The estate argued that the 2001 and 2002 gift documents, because they were incomplete when signed, did not effect completed gifts of the LLC units for federal gift tax purposes. Rather, the estate argued, because the 2001 and 2002 gifts were made in blank, the decedent retained the power to alter, amend, revoke, or terminate those transfers, a power that he relinquished in April 2002, by permitting the attorney to deliver the completed gift documents to the nieces.

    The estate pointed to Section 2038(a)(1), which includes in a decedent's gross estate interests in property transferred where the transfer on the date of death was subject to the decedent's exercise of a power to “alter, amend, revoke, or terminate” the transfer, and to Section 2035(a), which requires the inclusion in a decedent's gross estate of property interests with respect to which the decedent relinquished, within three years of death, a Section 2038 power to alter, amend, revoke, or terminate the transfer thereof. On the basis of those two provisions, the estate argued that the LLC units transferred to the nieces remained part of the decedent's gross estate and that no gift taxes should therefore be imposed.

    The IRS argued that the gifts were completed gifts in 2001 and 2002, or in the alternative, that the transfers to the nieces were completed gifts in 2002 when the blanks on the original 2001 and 2002 gift documents were filled in and the completed documents were delivered to the nieces in 2002.

    Analysis
    The court rejected the estate's argument that the gifts were not completed gifts in the year made. The court interpreted the 2001 and 2002 gift documents in the context of the overall agreement among decedent and the nieces, which was for the decedent to give his LLC units to them free of any obligation on his part to pay gift tax. The court found that the intent of the parties was that once they had received the appraiser's valuation, the blank LLC share amounts would be filled in on the basis of that valuation. The court stated that the blanks manifested the parties' intent to have the attorney complete the gift documents consistent with their agreement that the decedent give his LLC units to the nieces free from federal gift tax. The court believed that the parties' intent with respect to the blanks was not to grant the decedent the right to alter, amend, revoke, or terminate it.

    The court found that when the appraiser's valuation came in higher than expected, the attorney advised the nieces that the decedent could not transfer all of his LLC units and still avoid gift tax. The court believed that the attorney and the nieces were able to preserve the terms of the original agreement by having the nieces agree to pay the 2002 gift tax associated with the 2002 gift, and the original 2002 gift document was modified to reflect that undertaking on the part of the nieces.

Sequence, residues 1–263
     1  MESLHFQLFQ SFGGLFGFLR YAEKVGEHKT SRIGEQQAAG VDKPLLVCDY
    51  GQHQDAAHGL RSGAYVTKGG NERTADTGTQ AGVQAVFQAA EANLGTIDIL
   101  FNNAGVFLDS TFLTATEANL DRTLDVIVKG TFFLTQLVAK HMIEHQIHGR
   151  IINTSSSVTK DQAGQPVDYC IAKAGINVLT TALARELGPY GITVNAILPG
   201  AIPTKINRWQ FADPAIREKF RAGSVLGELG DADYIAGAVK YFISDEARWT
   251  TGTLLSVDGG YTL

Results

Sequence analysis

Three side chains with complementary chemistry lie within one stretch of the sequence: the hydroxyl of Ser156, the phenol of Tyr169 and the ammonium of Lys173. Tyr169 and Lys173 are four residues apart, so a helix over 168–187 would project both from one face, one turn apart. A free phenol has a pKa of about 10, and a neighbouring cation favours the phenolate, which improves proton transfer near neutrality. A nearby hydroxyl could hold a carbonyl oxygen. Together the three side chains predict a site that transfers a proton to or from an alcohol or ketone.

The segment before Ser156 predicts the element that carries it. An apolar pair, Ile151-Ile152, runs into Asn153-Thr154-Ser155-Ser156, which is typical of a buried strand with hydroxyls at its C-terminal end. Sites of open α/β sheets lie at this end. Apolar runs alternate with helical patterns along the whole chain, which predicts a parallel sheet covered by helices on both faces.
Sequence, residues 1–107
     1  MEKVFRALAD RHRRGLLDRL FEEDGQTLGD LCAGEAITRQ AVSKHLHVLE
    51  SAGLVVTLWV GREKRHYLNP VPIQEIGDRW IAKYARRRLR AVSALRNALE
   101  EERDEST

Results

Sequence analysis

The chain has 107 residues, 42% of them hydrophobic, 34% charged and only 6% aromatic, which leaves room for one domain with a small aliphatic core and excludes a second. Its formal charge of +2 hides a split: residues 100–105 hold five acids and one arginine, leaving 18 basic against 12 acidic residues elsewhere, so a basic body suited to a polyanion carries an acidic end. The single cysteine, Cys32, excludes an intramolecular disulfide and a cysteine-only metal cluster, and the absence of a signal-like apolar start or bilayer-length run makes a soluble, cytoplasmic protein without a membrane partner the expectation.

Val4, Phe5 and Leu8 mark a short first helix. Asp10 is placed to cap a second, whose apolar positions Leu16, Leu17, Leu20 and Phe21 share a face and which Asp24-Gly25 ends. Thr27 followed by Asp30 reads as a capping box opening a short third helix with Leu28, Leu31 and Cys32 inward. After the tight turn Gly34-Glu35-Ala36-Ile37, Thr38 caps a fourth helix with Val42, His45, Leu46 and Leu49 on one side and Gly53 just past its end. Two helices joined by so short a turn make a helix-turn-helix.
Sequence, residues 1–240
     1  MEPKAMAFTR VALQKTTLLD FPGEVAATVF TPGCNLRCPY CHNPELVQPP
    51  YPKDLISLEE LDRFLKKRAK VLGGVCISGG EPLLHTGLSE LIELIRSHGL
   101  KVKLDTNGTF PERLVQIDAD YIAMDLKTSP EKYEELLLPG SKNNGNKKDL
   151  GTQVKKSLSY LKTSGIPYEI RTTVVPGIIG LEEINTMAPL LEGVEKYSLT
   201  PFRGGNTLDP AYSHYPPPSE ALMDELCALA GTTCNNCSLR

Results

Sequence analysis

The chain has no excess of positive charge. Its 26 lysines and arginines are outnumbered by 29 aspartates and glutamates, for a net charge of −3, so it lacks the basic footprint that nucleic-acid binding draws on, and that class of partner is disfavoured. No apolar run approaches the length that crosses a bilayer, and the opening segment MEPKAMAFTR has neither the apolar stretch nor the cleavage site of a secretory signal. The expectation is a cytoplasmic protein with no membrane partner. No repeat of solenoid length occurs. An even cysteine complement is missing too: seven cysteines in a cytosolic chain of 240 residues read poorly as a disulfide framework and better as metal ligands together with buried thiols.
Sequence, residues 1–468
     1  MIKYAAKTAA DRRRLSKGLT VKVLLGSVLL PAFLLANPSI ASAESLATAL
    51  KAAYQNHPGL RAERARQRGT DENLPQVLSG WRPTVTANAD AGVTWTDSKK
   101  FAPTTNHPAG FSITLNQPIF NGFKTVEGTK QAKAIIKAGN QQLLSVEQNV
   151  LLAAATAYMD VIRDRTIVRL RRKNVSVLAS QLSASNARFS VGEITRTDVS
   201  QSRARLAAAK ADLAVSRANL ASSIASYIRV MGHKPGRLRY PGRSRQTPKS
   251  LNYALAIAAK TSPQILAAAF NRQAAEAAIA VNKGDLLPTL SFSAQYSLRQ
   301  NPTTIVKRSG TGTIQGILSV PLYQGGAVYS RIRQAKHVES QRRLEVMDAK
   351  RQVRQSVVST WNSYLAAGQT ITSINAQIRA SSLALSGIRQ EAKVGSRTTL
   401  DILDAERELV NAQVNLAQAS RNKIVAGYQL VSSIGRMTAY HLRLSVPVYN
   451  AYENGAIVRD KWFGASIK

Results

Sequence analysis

The court concluded that the modification to the 2002 gift document carried out the parties' original agreement and did not alter or amend the gifts. The court found that the filling in of the blanks was a ministerial act of completing, not revising or abandoning, the terms of the parties' original agreement. The court stated that one substantive change that did occur (i.e., the nieces undertaking to pay any gift tax) was required and previously contemplated as a means of satisfying the one condition that had been built into the original agreement—that the decedent not be subject to gift tax. The court found that the decedent's acquiescence in the attorney's distribution to the nieces of the completed 2001 and 2002 gift documents in April 2002 was further evidence that those documents reflected and carried out the decedent's understanding of the parties' original agreement.

    The court therefore held that the decedent made taxable gifts to the nieces in December 2001 and January 2002, and did not retain the power to “alter, amend, revoke, or terminate” those gifts within the meaning of Section 2038. Therefore, the LLC units were not includable in decedent's gross estate.

    Comments
    This case is a reminder of the elements of a gift:

    1. Donative intent.
    2. Acceptance.
    3. Lack of consideration.
    4. Relinquishment of dominion and control over the property.

    The actions and the agreement of the decedent and the nieces in signing the gift documents evidenced to the court's satisfaction the elements of donative intent and acceptance. Clearly, no consideration was exchanged between the decedent and the nieces for the LLC units. The critical element in this case was the relinquishment of dominion and control over the LLC units by the decedent as a result of having the attorney retain the original gift documents in order to fill in the blanks at a later date in accordance with the understanding and intent of the parties.

    1TC Memo 2013-8, RIA TC Memo ¶2013-008, 105 CCH TCM 1041.